10 Steps to Host a Vaccine Clinic

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10 Steps to Host a Vaccine Clinic
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  1. Authorization: Each jurisdiction has its own registration requirements for organizations that want to host a vaccine clinic. Reference the CDC’s considerations for hosting an on-site or off-site vaccine clinic. Select a state below to contact the health department for more information about the steps required to host an off-site clinic in your area.

  2. Vaccine Doses: Vaccine supplies are tightly controlled by the federal government, which is distributing them to the states and through certain pharmacies. As supplies increase, we expect states to be able to allocate doses to a wider range of partners, including employers. Make your desire to host a clinic known as early as possible. 

  3. Education: With supplies increasing, it will be important for employers to ensure that demand remains high, especially among populations that are more likely to be hesitant about getting the COVID-19 vaccine. Employers should begin educating their workers about the benefits of vaccination and consider offering incentives or accommodations that make it easy for people to get the shot. 

  1. Supplies: Clinics need to have a good supply of gloves in a range of sizes and high-quality masks. Hand sanitizer, sharps containers and other medical supplies should be at each vaccination station. These can be ordered ahead of time instead of waiting for confirmation that doses are available. A list of ancillary supplies is available on Amazon.  

  1. Vaccinators: The federal government recently expanded the list of qualified vaccinators to include dentists, EMTs, midwives, optometrists, paramedics, physician assistants, podiatrists, respiratory therapists, and veterinarians. Some health care students are also eligible to administer the vaccine under supervision. Consider partnering with a local community college that prepares students for careers in allied health. 

  1. Space: COVID-19 vaccine clinics require large spaces with good ventilation. The CDC says vaccination stations should be at least six feet apart, with people flowing in one direction as they enter and exit the facility. A guide based on Amazon’s pop-up clinic in Seattle is available here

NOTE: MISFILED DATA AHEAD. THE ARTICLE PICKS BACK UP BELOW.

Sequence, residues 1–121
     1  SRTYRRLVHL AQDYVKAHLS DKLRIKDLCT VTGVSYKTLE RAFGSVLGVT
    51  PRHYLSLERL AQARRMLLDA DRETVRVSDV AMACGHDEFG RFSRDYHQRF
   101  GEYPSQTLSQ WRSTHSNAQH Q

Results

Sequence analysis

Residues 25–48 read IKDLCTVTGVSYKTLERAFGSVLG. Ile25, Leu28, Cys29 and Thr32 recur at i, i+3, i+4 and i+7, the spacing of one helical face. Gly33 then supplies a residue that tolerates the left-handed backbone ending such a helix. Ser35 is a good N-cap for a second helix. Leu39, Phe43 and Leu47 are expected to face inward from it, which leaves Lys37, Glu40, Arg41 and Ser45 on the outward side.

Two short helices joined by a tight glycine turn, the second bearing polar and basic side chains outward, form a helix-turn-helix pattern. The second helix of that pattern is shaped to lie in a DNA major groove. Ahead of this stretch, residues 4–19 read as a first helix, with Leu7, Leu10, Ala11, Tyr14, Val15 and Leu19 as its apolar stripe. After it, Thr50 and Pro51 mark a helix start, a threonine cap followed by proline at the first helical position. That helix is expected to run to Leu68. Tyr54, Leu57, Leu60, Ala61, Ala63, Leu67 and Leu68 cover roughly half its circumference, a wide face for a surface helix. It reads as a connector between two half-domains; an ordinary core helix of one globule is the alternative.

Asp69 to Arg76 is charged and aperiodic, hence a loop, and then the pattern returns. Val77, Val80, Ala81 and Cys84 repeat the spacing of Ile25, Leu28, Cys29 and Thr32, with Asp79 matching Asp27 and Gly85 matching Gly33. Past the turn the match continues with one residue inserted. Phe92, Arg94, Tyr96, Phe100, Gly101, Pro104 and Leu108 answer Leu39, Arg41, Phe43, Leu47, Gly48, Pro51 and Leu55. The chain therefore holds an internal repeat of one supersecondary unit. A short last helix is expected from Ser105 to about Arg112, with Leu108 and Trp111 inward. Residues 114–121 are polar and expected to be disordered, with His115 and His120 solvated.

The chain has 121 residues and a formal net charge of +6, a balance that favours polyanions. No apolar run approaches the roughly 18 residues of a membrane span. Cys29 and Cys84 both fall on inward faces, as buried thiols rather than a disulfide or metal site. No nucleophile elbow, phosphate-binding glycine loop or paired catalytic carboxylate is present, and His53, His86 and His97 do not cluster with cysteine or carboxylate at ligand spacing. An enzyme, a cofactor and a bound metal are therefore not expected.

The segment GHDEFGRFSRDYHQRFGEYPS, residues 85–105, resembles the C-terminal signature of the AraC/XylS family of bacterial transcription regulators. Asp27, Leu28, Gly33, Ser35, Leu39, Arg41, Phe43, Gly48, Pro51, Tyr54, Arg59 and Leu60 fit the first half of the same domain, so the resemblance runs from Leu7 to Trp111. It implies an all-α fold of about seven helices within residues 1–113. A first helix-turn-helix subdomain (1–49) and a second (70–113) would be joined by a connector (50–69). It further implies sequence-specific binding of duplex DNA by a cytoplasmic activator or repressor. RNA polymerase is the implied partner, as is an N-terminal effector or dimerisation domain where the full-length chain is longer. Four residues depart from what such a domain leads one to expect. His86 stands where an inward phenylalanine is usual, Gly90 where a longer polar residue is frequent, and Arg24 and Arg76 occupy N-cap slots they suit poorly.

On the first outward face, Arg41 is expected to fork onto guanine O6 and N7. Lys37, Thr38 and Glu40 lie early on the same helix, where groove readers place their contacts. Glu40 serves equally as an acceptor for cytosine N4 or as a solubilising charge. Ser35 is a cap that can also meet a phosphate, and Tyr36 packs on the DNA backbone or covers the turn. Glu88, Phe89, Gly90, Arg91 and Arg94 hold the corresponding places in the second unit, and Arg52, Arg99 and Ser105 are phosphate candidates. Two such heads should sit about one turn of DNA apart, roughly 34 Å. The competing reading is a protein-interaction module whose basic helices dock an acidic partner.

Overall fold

1. Volunteers: These are the backbone of any successful vaccine clinic. Volunteers manage the flow of patients, handle data entry during registration and vaccination, and monitor people for side effects in the post-vaccination observation room. They require clear guidance. HCA Healthcare provides a comprehensive list of staffing roles and responsibilities

  1. Training: The CDC and other health authorities offer online training that is intended to ensure anyone who hosts a clinic understands the storage requirements for COVID-19 vaccines, the proper methods for administering these shots, and data management obligations. These free courses are available via cdc.gov

  1. Scheduling: Starbucks has shared a tool that clinic hosts can use to model patient flow. Challenge Seattle created a Vaccine Playbook for Public-Private Partnerships that includes best practices on registration and scheduling, in addition to many other learnings. By staggering vaccinations, employers can ensure continuity of operations in the event that some employees need to be absent after the shot. 

  1. Signage: Wayfinding is an effective way to control the flow of people through the clinic. Starbucks created customizable signs you can use. Additional signage and flyers should be used to reinforce critical messages that you want employees to take away from the clinic, such as the need to continue wearing a mask and practicing social distancing after vaccination.  

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